Children’s Minnesota offers three therapies for treating or preventing COVID-19 in kids: Paxlovid, Bebtelovimab and Evusheld. These therapies are authorized by the U.S. Food and Drug Administration (FDA) under an Emergency Use Authorization (EUA) for kids 12 and older who weigh at least 88 pounds.
For kids with underlying medical conditions, these therapy options could be helpful in preventing severe COVID-19. Kids with underlying medical conditions are considered to be at high-risk for developing severe COVID-19. Underlying medical conditions include cancer, asthma or other respiratory diseases, obesity, diabetes, sickle cell disease, heart conditions, weakened immune systems and some types of disabilities.
Paxlovid and Bebtelovimab
Paxlovid is an antiviral pill (medicine taken by mouth) that could help people with mild-to-moderate COVID-19 who are at higher risk of becoming very sick. Paxlovid must be taken within the first five days of symptom onset, before the person feels very sick.
Bebtelovimab is a monoclonal antibody therapy that could help people with mild-to-moderate COVID-19 who are at higher risk of becoming very sick and are not eligible for Paxlovid. Bebtelovimab is given through an intravenous (IV) thin tube inserted into a vein in the arm. People must receive bebtelovimab within the first seven days of symptom onset, before they feel very sick.
Since both therapies need to be given within 5 to 7 days of the first COVID-19 symptoms, it’s important to test for COVID-19 as soon as symptoms begin. Talk to your child’s health care provider right away if your child tests positive and is at higher risk for developing severe COVID-19. Your child’s health care provider will assess your child to determine eligibility for COVID-19 medications.
Another option for kids with underlying medical conditions is Evusheld (tixagevimab/cilgavimab), a monoclonal antibody to help prevent COVID-19 in people with moderate to severe weakening of their immune system or in people who cannot receive the COVID-19 vaccine due to a very bad reaction to the vaccine. Moderate to severe weakening of the immune system can be the result of cancer, transplant, immunodeficiencies, HIV infection and certain medications that weaken the immune system.
Evusheld is given by injection to people who do not have COVID-19 and have not been exposed to someone with COVID-19. Children’s Minnesota provides Evusheld to patients by invitation or during pre-existing appointments. Talk with your child’s health care provider if your child may be eligible for this medication.
Evusheld is not a substitute for the COVID-19 vaccination. All patients for whom the COVID-19 vaccination is recommended, including those with weak immune systems, should receive the COVID-19 vaccination. More information on Evusheld can be found here.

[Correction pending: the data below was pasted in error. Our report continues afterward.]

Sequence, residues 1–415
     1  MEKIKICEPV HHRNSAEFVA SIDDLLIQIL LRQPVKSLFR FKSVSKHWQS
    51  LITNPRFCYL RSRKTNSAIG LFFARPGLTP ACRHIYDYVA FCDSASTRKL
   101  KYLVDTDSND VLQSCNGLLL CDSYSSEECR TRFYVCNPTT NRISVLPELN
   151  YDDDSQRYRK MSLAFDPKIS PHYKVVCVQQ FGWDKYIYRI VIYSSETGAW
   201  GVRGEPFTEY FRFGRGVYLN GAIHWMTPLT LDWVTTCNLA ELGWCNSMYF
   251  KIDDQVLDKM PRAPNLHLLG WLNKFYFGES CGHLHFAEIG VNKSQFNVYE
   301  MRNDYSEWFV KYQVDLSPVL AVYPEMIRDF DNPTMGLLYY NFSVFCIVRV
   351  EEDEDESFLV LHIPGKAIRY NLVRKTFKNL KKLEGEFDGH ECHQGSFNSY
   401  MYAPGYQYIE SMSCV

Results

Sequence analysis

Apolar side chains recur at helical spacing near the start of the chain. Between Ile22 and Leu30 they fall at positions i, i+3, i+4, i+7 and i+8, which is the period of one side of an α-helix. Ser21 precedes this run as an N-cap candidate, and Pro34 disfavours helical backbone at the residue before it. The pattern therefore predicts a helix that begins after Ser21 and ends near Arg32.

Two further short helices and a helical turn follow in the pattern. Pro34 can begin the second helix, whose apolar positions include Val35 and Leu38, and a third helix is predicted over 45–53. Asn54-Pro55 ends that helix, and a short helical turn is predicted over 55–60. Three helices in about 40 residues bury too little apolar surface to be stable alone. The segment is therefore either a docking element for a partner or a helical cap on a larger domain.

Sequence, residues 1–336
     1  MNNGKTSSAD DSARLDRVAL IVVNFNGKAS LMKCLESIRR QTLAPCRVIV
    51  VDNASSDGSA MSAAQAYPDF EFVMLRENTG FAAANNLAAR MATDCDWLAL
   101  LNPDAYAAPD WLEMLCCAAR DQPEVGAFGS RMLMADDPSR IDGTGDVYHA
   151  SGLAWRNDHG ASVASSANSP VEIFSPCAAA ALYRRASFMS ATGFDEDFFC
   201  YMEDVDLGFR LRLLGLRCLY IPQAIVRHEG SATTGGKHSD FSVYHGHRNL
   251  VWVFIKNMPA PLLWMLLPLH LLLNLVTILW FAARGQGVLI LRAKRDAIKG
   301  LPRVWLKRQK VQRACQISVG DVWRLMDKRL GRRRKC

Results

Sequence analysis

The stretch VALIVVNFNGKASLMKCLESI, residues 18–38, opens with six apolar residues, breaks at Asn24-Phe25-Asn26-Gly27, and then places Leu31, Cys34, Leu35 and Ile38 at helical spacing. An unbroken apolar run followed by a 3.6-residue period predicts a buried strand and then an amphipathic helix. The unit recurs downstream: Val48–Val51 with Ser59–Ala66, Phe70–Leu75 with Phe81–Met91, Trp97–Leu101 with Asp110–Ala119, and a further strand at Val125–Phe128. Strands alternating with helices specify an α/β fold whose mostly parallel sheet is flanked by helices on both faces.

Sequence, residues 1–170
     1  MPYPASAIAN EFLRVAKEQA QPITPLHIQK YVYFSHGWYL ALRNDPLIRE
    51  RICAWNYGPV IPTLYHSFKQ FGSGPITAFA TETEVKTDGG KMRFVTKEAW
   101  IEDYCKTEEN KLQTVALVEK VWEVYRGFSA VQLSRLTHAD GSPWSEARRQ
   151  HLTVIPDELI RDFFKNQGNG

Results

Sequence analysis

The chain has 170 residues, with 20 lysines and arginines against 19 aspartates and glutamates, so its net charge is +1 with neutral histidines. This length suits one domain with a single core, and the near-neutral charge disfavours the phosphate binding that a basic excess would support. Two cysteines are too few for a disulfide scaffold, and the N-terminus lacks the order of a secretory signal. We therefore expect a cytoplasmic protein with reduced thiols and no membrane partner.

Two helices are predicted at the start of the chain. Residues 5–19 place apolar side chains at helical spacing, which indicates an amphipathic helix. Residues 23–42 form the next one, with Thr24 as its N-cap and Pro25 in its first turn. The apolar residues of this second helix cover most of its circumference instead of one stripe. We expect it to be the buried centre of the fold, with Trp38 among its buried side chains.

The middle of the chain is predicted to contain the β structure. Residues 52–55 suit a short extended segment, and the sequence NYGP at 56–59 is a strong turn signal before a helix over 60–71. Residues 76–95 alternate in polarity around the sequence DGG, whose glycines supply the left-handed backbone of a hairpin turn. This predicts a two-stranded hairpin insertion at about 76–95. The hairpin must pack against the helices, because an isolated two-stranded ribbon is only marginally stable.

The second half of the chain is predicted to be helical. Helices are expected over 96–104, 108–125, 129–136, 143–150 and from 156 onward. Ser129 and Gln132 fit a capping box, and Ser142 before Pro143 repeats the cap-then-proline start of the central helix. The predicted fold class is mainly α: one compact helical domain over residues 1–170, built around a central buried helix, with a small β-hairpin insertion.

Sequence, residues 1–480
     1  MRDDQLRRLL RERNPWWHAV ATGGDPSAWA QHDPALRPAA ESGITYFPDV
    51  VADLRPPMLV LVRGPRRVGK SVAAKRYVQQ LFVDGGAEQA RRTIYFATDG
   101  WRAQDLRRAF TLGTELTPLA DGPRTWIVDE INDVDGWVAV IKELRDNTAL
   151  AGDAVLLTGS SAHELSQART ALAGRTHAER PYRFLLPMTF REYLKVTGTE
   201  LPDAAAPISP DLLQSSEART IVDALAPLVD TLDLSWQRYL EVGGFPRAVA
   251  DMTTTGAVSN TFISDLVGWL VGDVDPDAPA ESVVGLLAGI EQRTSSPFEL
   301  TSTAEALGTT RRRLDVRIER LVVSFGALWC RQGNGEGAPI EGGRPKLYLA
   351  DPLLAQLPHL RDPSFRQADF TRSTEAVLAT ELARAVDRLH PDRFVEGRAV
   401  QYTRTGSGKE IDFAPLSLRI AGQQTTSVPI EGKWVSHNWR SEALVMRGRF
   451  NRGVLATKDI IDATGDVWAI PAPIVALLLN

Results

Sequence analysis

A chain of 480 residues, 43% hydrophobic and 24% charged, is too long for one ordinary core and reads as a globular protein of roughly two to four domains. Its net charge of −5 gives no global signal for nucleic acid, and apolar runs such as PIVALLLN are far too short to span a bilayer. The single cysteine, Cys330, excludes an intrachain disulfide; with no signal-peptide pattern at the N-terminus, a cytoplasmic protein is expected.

Where can I get COVID-19 medications for my child?
COVID-19 medications are available at Children’s Minnesota for eligible kids. Your child’s health care provider will prescribe the medication as necessary. Besides Children’s Minnesota, Paxlovid is also available on test-to-treat sites across the state that can be located here.
What is the cost of COVID-19 medications?
The federal government has purchased supplies of Paxlovid, Bebtelovimab and Evusheld and is distributing them free of charge. However, while there may not be a charge for the medication itself, there may be other fees associated with getting the treatment. Health insurance may cover most or all of these costs.
People who do not have insurance may refer to HRSA Health Center COVID-19 Therapeutics Program Participants for a list of centers for low- or no-cost treatment in their communities. Additional information on Minnesota community health centers/federally qualified health centers that provide services to medically underserved and disadvantaged populations is available at Minnesota Association of Community Health Centers: Find a Health Center.
Talk to your health care provider or pharmacist if you have any questions about costs associated with receiving any COVID-19 treatment.
COVID-19 vaccines and boosters are the best prevention
COVID-19 medications are not a substitute for prevention. It is still recommended that everyone who is eligible get vaccinated and take other steps to prevent the spread of COVID-19, including mask-wearing, washing hands and social distancing.
Children’s Minnesota is administering vaccines and boosters during scheduled clinic visits. Contact your primary care clinic to schedule. In addition, please use the Minnesota Department of Health’s (MDH) vaccine finder for kids to find other locations to receive your child’s vaccine or booster.
And as always, talk to your child’s health care provider for the best health care guidance for your child.